Afghanistan: Thank you for supporting Amnesty’s crisis response work

Thousands of Afghans are at serious risk of Taliban reprisals—your support ensures Amnesty is working to protect those in danger.

“The Taliban are searching for me,” Mahmud, a human rights defender, told Amnesty International researchers following the Taliban takeover of Kabul on August 15. “They found another colleague who was beaten by them. All my staff members are underground.”

Aadila is a journalist who was based in Kabul. She told Amnesty that at first she decided to stay in Afghanistan and continue her work—until the Taliban came to her home one night asking for her. She left the country shortly afterwards.

In the weeks since taking control of Afghanistan, the Taliban have already committed human rights violations—reprisal attacks, restrictions on women, and crackdowns on protests and the media.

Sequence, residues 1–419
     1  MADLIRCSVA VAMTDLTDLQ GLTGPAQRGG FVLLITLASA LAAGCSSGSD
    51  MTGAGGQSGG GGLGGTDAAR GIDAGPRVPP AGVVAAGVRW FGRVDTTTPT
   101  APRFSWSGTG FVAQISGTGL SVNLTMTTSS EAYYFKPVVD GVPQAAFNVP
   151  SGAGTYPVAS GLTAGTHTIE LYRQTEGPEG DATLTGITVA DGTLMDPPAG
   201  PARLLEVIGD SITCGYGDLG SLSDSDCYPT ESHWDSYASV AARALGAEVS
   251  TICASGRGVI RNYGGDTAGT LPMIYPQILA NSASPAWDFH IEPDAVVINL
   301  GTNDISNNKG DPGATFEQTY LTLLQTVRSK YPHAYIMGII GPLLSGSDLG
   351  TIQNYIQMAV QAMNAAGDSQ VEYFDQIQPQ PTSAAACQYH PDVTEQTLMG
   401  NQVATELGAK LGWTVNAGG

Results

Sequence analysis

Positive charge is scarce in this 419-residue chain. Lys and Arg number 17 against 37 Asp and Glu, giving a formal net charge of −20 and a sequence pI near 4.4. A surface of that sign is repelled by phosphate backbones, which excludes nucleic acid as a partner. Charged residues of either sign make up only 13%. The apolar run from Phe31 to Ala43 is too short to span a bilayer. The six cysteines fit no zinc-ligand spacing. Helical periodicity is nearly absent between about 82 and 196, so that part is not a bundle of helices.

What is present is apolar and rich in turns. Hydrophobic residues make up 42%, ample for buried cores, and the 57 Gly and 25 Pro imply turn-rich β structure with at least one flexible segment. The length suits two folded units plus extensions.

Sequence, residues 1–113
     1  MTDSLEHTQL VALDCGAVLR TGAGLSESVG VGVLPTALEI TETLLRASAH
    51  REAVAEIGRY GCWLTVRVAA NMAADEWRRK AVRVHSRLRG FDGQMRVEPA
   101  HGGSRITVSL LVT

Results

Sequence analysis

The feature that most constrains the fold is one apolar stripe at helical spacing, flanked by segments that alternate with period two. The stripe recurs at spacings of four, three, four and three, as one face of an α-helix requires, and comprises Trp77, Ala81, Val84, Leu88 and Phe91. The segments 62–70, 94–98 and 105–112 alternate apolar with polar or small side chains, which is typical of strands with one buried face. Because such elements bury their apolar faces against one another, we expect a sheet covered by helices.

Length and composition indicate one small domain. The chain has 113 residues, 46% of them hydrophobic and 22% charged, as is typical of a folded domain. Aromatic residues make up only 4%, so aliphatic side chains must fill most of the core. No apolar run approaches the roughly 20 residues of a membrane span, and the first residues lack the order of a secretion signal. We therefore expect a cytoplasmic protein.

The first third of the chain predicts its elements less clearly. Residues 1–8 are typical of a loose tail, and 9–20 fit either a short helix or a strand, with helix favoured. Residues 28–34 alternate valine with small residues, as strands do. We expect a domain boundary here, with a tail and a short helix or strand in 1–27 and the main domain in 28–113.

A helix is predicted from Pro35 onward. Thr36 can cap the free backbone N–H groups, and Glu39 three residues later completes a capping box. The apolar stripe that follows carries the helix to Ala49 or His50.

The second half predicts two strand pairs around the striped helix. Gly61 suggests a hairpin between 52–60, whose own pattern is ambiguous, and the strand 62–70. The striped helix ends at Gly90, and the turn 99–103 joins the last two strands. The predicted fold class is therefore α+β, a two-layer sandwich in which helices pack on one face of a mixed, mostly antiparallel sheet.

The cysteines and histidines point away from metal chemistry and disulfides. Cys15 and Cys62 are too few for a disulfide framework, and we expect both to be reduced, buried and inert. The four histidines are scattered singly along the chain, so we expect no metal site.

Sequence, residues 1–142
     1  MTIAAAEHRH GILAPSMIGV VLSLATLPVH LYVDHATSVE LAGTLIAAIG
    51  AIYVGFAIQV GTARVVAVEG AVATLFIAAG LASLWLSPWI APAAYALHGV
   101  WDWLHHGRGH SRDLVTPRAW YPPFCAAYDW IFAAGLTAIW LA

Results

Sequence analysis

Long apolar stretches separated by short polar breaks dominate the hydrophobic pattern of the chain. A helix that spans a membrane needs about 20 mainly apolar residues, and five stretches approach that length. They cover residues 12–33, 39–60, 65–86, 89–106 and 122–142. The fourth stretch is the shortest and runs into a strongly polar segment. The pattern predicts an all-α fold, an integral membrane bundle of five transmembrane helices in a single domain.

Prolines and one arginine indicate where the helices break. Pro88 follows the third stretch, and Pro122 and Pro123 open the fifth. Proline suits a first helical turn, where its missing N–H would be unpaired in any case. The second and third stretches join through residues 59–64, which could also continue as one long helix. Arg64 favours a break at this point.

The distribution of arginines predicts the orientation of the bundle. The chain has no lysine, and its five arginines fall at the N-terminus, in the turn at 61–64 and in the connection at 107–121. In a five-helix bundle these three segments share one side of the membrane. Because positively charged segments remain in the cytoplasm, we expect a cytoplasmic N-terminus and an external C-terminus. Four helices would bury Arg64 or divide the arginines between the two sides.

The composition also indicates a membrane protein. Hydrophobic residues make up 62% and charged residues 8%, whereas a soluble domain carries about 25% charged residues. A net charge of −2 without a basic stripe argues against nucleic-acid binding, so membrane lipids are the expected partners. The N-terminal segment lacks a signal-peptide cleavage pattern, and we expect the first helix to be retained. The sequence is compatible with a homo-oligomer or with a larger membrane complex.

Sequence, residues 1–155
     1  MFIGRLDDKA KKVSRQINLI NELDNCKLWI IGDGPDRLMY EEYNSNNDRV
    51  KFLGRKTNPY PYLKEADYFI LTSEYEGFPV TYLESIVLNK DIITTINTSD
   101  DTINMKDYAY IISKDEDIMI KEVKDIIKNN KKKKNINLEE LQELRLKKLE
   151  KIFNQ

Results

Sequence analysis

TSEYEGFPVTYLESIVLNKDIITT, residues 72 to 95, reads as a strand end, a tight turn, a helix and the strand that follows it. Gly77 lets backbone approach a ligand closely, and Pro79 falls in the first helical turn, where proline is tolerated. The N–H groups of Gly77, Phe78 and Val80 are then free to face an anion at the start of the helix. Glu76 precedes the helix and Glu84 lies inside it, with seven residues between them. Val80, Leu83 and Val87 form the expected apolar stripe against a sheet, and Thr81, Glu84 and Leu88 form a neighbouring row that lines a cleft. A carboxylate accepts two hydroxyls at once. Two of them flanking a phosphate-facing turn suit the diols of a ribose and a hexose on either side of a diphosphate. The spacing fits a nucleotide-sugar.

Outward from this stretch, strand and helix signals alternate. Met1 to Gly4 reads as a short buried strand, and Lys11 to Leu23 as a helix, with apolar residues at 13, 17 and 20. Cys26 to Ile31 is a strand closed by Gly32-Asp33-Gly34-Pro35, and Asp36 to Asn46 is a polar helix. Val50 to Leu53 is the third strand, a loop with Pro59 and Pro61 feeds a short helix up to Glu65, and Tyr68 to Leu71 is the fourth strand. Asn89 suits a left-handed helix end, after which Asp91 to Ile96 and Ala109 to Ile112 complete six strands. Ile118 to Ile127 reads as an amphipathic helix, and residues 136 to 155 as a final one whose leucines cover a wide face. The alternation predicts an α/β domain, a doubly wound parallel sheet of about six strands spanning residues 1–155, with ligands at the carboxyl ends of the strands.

Human rights defenders are under attack. Their offices and homes have been raided. Colleagues have been beaten. They are forced into permanent hiding. They live under the constant threat of arrest, torture, or worse.

With your support, Amnesty International was able to evacuate several families who had members working with Amnesty.

The evacuation efforts were complex and involved the work of dozens of people across an international network. Hopes were repeatedly raised and dashed. Seats were secured on planes out of Kabul, but it was then impossible for the families to get into the airport because of the huge crowds and the risk of bomb attacks.

The families next took the long, dangerous journey over land to Pakistan. Finally, they were able to fly out to Europe, arriving tired, relieved, and very grateful for the support and warm welcome.

“In just a matter of a day, my school building turned into a Taliban military base, my hopes shattered, my future uncertain, and the lives of my family members in great danger,” said 14-year-old Khalid (name changed). “I’m grateful for the support of Amnesty. I’m now back to school in Europe. I’d like to become a pilot and fly more people to safety.”

This article was published in The Candle print newsletter, Fall 2021

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